By By Emily Windram, Special to the Chronicle
Students looking for a fun, informative way to get their news about the campus and beyond need look no further than the dynamic club Hofstra Today. This highly ambitious and interactive new club produces a 30-minute live news/entertainment segment on Hofstra University television (on channel 34) every Wednesday at noon.
Backed by both HEAT (Hofstra Entertainment Access Television) and HRDNA (Hofstra Radio and TV Digital News Association), the club is completely student-run and focuses on both journalistic and entertainment aspects of weekly news. It was first conceived by now-graduated student James Benesh in 2010, and was officially started in spring 2011. It models itself after NBC's Today Show, and has a wide range of coverage. It reports on national, local and campus-wide news, and addresses politics, entertainment and everyday life.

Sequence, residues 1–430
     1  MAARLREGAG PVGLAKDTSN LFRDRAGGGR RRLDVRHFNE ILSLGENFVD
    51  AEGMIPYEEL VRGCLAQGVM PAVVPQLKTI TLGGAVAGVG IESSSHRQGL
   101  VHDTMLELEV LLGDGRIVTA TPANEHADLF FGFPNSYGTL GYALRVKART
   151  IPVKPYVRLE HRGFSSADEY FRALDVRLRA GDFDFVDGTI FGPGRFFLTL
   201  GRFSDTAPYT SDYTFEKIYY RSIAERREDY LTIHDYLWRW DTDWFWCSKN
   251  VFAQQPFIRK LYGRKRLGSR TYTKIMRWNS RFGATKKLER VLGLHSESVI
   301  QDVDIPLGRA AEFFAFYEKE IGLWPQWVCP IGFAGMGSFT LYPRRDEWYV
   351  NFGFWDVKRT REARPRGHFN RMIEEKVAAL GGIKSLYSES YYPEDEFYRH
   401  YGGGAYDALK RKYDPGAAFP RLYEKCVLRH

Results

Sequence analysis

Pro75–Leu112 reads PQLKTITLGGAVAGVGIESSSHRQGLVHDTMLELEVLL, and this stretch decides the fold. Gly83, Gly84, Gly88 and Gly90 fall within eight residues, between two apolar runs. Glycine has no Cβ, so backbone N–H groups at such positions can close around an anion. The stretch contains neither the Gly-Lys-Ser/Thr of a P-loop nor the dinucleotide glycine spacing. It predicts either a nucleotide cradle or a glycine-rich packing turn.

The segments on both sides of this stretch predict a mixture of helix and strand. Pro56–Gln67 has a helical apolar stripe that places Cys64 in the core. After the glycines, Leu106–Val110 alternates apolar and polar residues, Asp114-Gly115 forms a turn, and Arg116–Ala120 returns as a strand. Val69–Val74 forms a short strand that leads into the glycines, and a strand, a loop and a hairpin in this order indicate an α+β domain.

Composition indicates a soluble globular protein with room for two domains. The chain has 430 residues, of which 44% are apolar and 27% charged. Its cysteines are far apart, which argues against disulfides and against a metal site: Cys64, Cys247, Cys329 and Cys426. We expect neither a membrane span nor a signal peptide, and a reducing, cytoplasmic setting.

"The show is by, and for, Hofstra," said executive producer Benjamin Gelb. "The club is a good way to provide a journalism outlet for students, and since we focus on new topics every week it's always relevant." The content of the show is always flexible, but the show's general news format begins with national stories, then reports on more local segments (in areas like Long Island, New York City, and New Jersey) and finally turns to campus news.
Everyone on- and off-campus can have a voice here. The show has interviewed professors, deans, club members, Public Safety officers, passionate students, and more: the show's latest interviewees are a panel of four political pundits following the hype of "Super Tuesday." Excitingly, Hofstra President Stuart Rabinowitz was also recently interviewed, and he later expressed his approval of the club.
For the student more inclined toward entertainment journalism, this club is also a great choice. It hosts a broad base of entertainment news, ranging from celebrities' public and personal lives to award show coverage to reviews of the latest movie or TV show. It also provides more lighthearted and varied segments, such as live outdoor cooking specials, and devotes the end of the show to covering sports.
"We're always looking for new people," says Gelb. "New people mean new ideas, which are always welcome." Hofstra Today is the perfect outlet for any student who is interested in journalism, broadcasting or just getting their voice heard.